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Trump Drops Plan To Host G-7 Summit At His Miami Resort

On Saturday, President Trump abandoned his plan to host the next G-7 summit at his golf resort in Doral, Fla.
Alex Sanz
On Saturday, President Trump abandoned his plan to host the next G-7 summit at his golf resort in Doral, Fla.

Updated at 9:53 a.m. ET

President Trump announced that he's dropping his plan to host next year's G-7 meeting of the leaders of the world's biggest economies at his Miami-area golf club.

In a series of late-night tweets on Saturday, Trump blamed the reversal on what he described as "Media & Democrat Crazed and Irrational Hostility," following bipartisan claims that he's exploiting his presidency for personal profit.

"I announced that I would be willing to do it at NO PROFIT or, if legally permissible, at ZERO COST to the USA," the president tweeted. "[B]ased on both Media & Democrat Crazed and Irrational Hostility, we will no longer consider Trump National Doral, Miami, as the Host Site for the G-7 in 2020."

He again touted his resort's "grand" acreage, ample rooms and proximity to Miami International Airport as features that would make it an ideal venue to host international leaders.

Trump said his administration "will begin the search for another site, including the possibility of Camp David, immediately."

Acting White House Chief of Staff Mick Mulvaney had announced on Thursday that Trump National Doral would be the site of the 2020 summit. The selection revived accusations about Trump's ability to use his office for financial gain and claims that he has violated the Constitution by collecting payments from foreign governments going to businesses he owns.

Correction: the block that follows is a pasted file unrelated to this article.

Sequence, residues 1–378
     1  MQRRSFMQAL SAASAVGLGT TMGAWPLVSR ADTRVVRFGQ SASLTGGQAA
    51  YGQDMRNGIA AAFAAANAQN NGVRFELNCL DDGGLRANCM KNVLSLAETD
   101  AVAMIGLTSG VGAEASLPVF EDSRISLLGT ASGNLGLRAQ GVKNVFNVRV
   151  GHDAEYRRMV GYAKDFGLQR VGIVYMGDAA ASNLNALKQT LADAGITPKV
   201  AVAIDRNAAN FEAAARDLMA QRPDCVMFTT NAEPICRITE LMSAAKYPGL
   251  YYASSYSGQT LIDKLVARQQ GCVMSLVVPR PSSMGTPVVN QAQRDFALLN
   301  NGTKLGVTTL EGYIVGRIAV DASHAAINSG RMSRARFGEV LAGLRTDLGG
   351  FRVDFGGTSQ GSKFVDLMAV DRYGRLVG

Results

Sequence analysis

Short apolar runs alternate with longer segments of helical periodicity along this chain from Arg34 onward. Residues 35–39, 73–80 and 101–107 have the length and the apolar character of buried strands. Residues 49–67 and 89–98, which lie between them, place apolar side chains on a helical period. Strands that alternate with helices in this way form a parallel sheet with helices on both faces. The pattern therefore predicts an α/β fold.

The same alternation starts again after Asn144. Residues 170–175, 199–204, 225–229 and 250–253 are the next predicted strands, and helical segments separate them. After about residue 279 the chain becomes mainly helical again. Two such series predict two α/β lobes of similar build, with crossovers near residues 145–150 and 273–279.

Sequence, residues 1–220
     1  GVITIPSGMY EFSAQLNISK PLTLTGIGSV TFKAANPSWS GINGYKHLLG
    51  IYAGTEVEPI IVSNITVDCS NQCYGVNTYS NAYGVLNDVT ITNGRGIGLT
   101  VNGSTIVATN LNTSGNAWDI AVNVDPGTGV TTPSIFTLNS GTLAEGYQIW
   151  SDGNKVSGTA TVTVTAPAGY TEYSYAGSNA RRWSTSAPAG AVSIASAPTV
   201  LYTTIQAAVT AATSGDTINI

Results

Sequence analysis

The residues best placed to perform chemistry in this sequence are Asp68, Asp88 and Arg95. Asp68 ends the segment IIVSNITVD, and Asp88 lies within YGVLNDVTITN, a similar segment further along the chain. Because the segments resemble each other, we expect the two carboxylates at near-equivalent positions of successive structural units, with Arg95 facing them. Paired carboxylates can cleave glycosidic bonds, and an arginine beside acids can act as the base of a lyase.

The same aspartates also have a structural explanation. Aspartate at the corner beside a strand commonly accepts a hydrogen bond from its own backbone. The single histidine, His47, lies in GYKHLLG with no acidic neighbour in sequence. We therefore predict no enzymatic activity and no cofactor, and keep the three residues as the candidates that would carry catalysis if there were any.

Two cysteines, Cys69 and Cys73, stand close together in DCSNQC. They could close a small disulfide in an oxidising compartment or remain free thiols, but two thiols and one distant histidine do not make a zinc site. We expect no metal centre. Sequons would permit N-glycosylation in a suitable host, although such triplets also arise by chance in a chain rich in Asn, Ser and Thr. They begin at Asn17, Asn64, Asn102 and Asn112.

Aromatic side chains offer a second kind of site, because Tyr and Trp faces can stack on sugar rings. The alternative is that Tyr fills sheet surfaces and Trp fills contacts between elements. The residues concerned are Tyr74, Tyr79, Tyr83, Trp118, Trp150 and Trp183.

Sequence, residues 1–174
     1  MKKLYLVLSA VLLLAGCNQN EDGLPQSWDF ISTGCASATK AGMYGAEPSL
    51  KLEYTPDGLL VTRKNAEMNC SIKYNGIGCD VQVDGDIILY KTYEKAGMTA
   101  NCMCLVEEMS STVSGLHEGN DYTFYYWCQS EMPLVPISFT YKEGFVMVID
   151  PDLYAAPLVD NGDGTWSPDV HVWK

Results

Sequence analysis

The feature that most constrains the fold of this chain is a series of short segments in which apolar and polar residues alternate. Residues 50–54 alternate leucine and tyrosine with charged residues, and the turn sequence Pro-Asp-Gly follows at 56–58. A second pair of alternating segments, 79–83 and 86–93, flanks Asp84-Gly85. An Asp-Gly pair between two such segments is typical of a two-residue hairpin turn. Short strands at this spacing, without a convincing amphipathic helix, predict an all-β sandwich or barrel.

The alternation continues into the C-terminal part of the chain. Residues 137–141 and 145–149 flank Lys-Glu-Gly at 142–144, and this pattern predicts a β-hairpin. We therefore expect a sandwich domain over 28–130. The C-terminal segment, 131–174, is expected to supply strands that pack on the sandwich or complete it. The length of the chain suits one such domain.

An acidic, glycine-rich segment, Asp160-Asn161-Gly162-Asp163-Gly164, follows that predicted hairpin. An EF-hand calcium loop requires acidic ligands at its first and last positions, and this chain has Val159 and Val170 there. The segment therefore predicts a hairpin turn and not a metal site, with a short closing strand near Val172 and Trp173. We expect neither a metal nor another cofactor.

Speaking on Fox News Sunday, Mulvaney said Trump "was honestly surprised at the level of pushback" against his selection of Doral. "At the end of the day, he still considers himself to be in the hospitality business."

Since the early days of his presidency, Trump has faced multiple ongoing lawsuits alleging that he is violating the Constitution's Emoluments Clause, which prohibits a sitting president from accepting payments from foreign governments.

Noah Bookbinder, the executive director of Citizens for Responsibility and Ethics in Washington, one of the groups suing Trump over the emoluments issue, said Trump's Saturday announcement was "a bow to reality but does not change how astonishing it was that a president ever thought this was appropriate or that it was something he could get away with."

Democratic House leaders had planned a vote as early as this week to rebuke Trump over the decision. They had also planned investigations into the selection process and suggested they would prevent government money from being spent at Trump properties. A number of Republicans in Congress had also voiced concerns with the Doral choice.

Rep. Jim Banks, R-Ind., told NPR's Lulu Garcia-Navarro on Sunday that he was "glad" the president reversed course on Doral.

"The distraction that it created I think alone shows that the president ... probably made a very wise decision to retreat from holding it at one of his properties," he said on Weekend Edition Sunday, "to hold it somewhere else where it will be far more productive."

On Saturday, an hour before Trump canceled the Doral plan, Democratic presidential candidate Joe Biden issued a rebuke on Twitter.

"Hosting the G7 at Trump's hotel? A president should never be able to use the office for personal gain," the former vice president wrote.

During Thursday's press briefing, Mulvaney dismissed the possibility of returning to Camp David to hold the gathering, describing it as "too small" and "too remote."

"I understand the folks who participated in it hated it and thought it was a miserable place to have the G-7," he said.

NPR's Brett Neely contributed to this report.

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